It's no secret that we are living in an age of data -- a seemingly endless stream of it. With so many people connected from dawn until dusk, using everything from a television to a smartphone, the sheer volume of information companies are able to gather is staggering. However, collecting all of that data is only step one, and the easier step. The hardest part is determining how best to sort through, and ultimately utilize information to better communicate with customers.
How do companies successfully use all that information? If you ask IBM (NYSE: IBM ) , the answer's simple: Implement a cloud computing strategy incorporating its cognitive, super-computing marvel, Watson. You may recall, Watson famously won the game show Jeopardy, showing off its ability to actually learn based on previously input data, trend analytics, and communicative capabilities. Not to be outdone, IBM's sometime nemesis and longtime peer Microsoft (NASDAQ: MSFT ) is getting close to introducing its own cloud-based supercomputer. Let the battle for big data begin.
So, we meet again
Microsoft and IBM have more in common than simply playing in the same software and services sandbox for all these years. Both, admittedly, were slow to make the transition to cutting-edge technologies like mobile, cloud, and big data. But that's changed, as Microsoft's new CEO Satya Nadella and IBM chief Ginni Rometty have made it clear the transformation of their respective companies is priority No. 1.
It's the commitment to changing what were once staid, tired businesses to meet the demands of today's data-driven world that has given investors of both Microsoft and IBM cause for hope. One look at the last quarter says it all.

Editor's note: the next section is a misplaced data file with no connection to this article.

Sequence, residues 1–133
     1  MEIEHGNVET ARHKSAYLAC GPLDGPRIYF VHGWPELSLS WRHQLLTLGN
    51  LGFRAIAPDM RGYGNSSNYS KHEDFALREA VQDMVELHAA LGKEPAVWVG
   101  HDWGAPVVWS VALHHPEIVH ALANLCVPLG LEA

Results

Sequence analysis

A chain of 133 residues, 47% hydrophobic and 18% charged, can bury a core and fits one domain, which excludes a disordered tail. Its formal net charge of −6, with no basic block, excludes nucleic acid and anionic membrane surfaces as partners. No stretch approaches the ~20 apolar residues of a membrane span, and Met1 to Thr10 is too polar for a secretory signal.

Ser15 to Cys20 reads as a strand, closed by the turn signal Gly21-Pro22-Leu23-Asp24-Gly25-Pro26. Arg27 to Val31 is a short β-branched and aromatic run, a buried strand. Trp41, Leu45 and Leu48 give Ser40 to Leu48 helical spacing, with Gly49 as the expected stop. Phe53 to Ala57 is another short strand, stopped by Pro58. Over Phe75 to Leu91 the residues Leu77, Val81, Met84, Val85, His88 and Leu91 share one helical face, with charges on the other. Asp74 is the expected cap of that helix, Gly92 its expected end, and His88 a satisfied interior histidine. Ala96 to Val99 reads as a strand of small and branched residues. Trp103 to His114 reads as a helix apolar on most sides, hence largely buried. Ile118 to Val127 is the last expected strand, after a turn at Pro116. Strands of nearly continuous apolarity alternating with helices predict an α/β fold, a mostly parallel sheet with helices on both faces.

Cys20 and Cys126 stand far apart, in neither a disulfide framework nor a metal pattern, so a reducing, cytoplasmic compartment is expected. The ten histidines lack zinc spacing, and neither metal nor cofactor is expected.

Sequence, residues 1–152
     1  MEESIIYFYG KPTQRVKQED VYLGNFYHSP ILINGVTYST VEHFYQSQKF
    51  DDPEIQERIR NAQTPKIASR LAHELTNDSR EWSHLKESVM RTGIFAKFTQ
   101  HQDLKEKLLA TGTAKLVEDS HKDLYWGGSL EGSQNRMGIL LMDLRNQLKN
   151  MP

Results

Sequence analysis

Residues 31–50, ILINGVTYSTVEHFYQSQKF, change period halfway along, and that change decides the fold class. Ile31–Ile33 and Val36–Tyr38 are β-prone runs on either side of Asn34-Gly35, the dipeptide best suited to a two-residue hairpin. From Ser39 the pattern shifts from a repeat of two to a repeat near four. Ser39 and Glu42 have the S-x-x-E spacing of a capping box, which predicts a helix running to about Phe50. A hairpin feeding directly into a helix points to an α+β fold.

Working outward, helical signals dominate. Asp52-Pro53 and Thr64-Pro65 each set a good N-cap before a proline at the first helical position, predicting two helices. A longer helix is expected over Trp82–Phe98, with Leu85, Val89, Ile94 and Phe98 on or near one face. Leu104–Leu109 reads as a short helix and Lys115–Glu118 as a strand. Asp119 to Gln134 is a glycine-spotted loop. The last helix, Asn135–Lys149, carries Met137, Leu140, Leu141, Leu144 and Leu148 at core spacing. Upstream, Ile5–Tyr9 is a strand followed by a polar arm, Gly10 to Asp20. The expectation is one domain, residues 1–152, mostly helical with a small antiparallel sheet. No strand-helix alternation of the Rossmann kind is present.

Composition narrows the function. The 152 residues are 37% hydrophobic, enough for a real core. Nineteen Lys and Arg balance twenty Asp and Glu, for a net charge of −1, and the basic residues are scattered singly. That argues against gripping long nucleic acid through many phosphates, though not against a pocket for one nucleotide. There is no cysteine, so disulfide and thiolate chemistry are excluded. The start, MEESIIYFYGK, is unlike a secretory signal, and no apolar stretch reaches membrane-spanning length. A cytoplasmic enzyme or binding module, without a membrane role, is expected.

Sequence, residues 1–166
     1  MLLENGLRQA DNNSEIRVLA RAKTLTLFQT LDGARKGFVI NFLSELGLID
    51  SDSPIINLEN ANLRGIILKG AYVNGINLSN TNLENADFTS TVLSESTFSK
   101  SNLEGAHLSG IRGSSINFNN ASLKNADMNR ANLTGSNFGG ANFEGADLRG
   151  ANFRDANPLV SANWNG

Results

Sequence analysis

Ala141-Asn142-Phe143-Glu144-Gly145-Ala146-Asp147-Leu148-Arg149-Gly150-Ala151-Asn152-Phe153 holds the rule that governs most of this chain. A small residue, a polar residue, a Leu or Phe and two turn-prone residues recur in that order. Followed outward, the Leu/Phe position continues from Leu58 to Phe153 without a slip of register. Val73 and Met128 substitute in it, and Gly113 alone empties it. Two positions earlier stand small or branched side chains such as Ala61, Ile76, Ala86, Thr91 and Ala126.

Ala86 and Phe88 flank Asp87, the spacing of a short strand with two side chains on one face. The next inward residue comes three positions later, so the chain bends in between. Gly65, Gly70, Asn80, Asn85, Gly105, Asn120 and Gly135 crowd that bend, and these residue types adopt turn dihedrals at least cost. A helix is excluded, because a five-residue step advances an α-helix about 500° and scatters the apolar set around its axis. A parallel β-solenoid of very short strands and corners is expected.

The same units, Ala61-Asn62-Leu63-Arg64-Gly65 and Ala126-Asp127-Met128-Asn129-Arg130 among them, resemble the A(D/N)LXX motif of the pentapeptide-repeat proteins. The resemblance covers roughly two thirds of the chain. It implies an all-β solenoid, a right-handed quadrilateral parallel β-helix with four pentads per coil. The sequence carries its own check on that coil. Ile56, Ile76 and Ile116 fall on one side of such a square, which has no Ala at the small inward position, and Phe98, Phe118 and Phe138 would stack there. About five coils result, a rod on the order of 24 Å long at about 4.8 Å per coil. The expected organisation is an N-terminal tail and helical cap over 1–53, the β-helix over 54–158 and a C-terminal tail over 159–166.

Microsoft reinforced its new direction when it introduced its most recent earnings release by saying, "Cloud Momentum Helps Drive Third-Quarter Results." It's pretty clear what Nadella and team would like shareholders to focus on, and for good reason. IBM is no different. Even though revenue, earnings, and most other top-line measures were down in its recently completed 2014 Q1 results, Rometty wastes no time in sharing that cloud-related revenues were up more 50% year over year, and cloud-delivered-as-a-service sales were tracking at $2.3 billion annually.
Watson, meet Azure
IBM left little doubt it was serious about making a dent in the fast-growing world of big data earlier this year when it announced it was investing $1 billion to fund a new division devoted solely to bringing the power of Watson to the business world. Already, Watson is finding its way into the market. The latest victory for IBM's big data initiative is call center giant Genesys agreeing to sign on.
The Azure cloud platform isn't new; it's been at the core of many Microsoft cloud services for some time. But according to a recent blog, Microsoft is nearly ready to introduce a new, super-charged big data solution called Microsoft Azure Machine Learning. Like Watson, the new cloud-based Azure has the ability to analyze millions of data bits in seconds and conduct predictive analysis that improves as it "learns."
A defining aspect of Microsoft's new Azure -- which is scheduled to be unveiled next month -- is the ability to have the all-encompassing big data service up-and-running "in mere hours," as opposed to weeks or months generally needed to implement such a comprehensive solution. Like IBM, Microsoft also has the advantage of being able to combine its cloud-based, big data solution with a full suite of ancillary tools and services like Office 365, Bing, and even Xbox.
Final Foolish thoughts
Unlike some recent, strategic steps Microsoft has taken of late -- introducing Office for iPad and the new pseudo-tablet Surface Pro 3, to name just a couple -- the new Azure cognitive computing marvel is pure Nadella, all the way. Before being named CEO of Microsoft, Nadella was responsible for, among other things, heading up the cloud and enterprise division, of which the new Azure is key component.
In other words, Microsoft investors can rest assured an emphasis on the fast-growing big data marketplace using Azure will continue. And that's just as it should be. Microsoft is close to joining IBM with a cutting-edge big data solution, once again coming head-to-head with its old rival. The good news for both is this isn't a do-or-die battle. The market for big data's new enough, and Microsoft and IBM are both early entrants. But it will still be intriguing to watch the battle unfold -- just like old times.
Leaked: Apple's next smart device (warning, it may shock you)
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